On a Grateful Tip

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Money Monday: Expressions of gratitude for those whose services and assistance align with their value to you and your shared values

It seemed like the year just started, but here we close to Thanksgiving, and while we remember our blessings and express our gratitude now, many of us struggle in one area: the tip! We struggle with the idea of tipping those who have been good to us during the year, but for some, tipping is a science. Who should we tip? How much? When do you tip? These thoughts and more are some of the thought processes we will ponder now that the holidays are upon us.

To Tip or Not To Tip?

The first decision is whether or not you are going to tip anyone this holiday season. If you’re like me, while you may have a budget, tipping is probably not included. Therefore, once you have decided to tip people who have contributed to your success and life this year, the next challenge is to budget or figure out how much you want to spend or give in tips this year.

Your second consideration is who you’re going to tip. The people who have assisted you during this year are only one category of tip recipients.  Haven’t you noticed a growing number of tip opportunities, post COVID-19? Have you purchased something, and when it’s time to pay, the machine suggests a tip percentage? Perhaps in the old days, you could get away with not tipping when there was a tip jar, passively. However, today, you have actively and intentionally disengage; you have to choose “no tip” when it’s time to pay. I suppose when it comes to tipping, there are sins of omission and sins of commission.

Further, as you study the tip, you’ll need to know what to tip. There are norms or culture when it comes to tipping. In some cases when you purchase an item or service there are three components to the transaction. There is the tip, the gratuity, and then the service charge. How you work through all of those add-ons while still having to acquire the product or service is anybody’s guess! The culture or norm when it comes to takeout food seems to be 10% of your purchase. But then you have food deliveries which are separate from take out and have their gratuity and tips at around 10 to 15%. If you decide to sit down and have a meal, the tip can range from 15% to 20% of the service. Regardless of societal expectations or specific situations, having a predetermined budget or spending limit generally ensures that you won’t part with sums that significantly impact your livelihood.

Gratitude in Play

The people you tip will have to be those governed by your internal guidelines. Do you have a reason to tip this person or these people? In an time of ebbing civility, it bears repeating: even if you do not have a reason to tip someone, it is always important to be courteous. By that I mean, it’s still important to say “thank you”, “please”,  or “excuse me,” and manage your attitude whatever the outcome or circumstance. Remember, some of these people that you tip earn most of their livelihood from tips. While the list of who we should tip each year may change, think about those who align with your values and what difference they have made in your life. Babysitters, or child care providers, for example, offer us such a valuable service by allowing parents to take a break, and actually help rear our kids today. Their recommended tip is one week or one day’s compensation. That tip can range from $100 to more than $500.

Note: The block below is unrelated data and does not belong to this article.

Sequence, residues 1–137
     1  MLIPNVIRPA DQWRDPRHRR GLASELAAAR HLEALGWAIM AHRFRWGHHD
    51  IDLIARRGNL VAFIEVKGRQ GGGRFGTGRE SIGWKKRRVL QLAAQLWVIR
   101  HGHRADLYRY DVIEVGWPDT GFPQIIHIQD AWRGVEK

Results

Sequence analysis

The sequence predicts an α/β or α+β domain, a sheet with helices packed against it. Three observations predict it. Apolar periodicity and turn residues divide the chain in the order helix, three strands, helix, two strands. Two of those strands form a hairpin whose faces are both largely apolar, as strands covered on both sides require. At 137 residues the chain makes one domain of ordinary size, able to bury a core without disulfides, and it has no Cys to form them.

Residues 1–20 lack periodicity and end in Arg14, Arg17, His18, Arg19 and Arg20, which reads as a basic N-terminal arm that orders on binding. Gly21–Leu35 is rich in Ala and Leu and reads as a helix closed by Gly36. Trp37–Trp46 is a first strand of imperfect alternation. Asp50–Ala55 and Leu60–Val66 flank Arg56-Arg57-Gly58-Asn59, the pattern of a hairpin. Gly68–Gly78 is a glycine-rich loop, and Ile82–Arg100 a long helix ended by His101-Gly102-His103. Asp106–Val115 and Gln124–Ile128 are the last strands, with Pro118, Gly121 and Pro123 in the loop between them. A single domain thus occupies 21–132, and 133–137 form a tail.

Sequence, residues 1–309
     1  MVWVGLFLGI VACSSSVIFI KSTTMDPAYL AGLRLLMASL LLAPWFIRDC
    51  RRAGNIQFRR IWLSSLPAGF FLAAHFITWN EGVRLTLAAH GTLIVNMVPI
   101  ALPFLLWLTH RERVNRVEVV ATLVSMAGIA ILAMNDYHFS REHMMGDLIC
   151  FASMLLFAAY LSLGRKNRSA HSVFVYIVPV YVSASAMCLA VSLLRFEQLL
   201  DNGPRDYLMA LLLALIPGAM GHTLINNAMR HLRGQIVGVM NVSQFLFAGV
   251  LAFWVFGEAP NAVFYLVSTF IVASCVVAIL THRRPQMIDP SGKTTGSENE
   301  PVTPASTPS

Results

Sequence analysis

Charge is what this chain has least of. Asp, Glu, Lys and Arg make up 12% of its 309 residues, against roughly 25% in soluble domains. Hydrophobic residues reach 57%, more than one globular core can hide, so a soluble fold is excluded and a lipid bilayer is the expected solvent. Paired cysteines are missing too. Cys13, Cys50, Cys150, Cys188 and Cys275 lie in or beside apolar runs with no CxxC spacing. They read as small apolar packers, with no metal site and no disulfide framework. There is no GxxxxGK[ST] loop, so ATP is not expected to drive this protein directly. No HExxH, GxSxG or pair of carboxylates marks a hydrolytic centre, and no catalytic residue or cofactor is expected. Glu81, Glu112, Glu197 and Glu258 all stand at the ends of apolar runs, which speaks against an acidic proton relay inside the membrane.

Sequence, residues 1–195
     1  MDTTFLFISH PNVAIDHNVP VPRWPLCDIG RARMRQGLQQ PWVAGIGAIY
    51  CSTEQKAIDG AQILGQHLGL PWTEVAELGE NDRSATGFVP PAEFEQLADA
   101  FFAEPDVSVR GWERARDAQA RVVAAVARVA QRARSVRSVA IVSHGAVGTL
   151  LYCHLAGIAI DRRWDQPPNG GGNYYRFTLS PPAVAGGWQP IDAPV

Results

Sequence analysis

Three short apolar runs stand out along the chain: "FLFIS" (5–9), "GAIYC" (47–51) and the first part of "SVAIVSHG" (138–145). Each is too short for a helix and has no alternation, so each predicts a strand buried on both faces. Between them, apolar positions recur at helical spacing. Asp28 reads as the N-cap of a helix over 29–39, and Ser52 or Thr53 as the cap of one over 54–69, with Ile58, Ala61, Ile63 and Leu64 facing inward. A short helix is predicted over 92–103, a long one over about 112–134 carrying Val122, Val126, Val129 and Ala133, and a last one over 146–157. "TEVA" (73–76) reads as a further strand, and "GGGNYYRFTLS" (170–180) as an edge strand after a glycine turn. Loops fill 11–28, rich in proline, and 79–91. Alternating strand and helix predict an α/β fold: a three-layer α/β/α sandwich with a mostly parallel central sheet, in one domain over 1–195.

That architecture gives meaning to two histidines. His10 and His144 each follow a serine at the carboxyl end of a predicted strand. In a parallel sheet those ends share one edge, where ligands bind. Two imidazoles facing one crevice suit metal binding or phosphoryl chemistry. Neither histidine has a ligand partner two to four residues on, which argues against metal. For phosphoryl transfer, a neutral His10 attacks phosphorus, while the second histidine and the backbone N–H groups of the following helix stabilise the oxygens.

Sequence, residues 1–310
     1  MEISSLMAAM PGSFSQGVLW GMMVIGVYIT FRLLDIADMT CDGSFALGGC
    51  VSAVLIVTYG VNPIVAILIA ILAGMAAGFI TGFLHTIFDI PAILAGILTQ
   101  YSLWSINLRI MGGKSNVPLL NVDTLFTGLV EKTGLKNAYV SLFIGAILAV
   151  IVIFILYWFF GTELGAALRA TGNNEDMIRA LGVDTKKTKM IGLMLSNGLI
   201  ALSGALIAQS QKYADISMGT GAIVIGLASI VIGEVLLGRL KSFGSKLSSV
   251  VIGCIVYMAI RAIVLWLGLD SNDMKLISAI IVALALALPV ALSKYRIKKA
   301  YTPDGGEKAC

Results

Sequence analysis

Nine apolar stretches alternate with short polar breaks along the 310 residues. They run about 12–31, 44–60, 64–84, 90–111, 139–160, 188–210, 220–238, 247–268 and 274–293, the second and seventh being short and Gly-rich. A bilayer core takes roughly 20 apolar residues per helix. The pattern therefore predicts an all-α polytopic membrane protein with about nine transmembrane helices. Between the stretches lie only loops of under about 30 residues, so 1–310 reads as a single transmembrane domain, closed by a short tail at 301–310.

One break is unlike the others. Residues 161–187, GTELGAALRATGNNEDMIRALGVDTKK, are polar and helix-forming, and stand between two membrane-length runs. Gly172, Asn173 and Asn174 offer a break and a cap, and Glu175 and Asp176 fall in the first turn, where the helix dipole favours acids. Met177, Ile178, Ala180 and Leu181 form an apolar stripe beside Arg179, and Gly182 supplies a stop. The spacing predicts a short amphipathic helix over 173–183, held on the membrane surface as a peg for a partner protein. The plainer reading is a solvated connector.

Having identified your babysitter as a person you should tip, what about the persons you should not tip? At the top of the list are the professionals in your life. But do you not think you should tip your financial advisor, accountant, doctor, or lawyer? Conventional wisdom suggests that you should not tip these professionals. I would say it depends. Suppose your financial advisor gave you a great tip and you made lots of money in the stock market this year. Is this person not worthy of a thank you?

One sure way to thank them perhaps is by sending them more referrals, so remember also, that are also other ways to tip, other than monetarily. It really should come down to your relationship with those professionals, the impact they have made in your life and your ability to say thank you.

So, are you grateful, and how will you show it this holiday season?

WHAT’S UP! Today’s What’s Up is about the financial dynamics surrounding government shutdowns. Contrary to expectations, these disruptions might actually offer a silver lining for your financial portfolio. Take the last government shutdown, for instance, where the Standard and Poor 500 experienced a noteworthy gain of over 10%, followed by an impressive additional 23% in the ensuing months. Trying to anticipate what the United States Congress will do, and how it will impact your portfolio  ers makes predicting the optimal response challenging. The key is adaptability as we closely observe unfolding events. Stay tuned for more updates on this intriguing financial rollercoaster! And that’s what’s up!

Ruthven R. Phillip, Esq., is a tax attorney, Stewardship and Philanthropy Ministry Assistant, and CEO of Give2Getrich, LLC. Give2Get Rich, LLC 2023. All Rights Reserved. Any distribution or reproduction of part or all of the contents in any form is prohibited.

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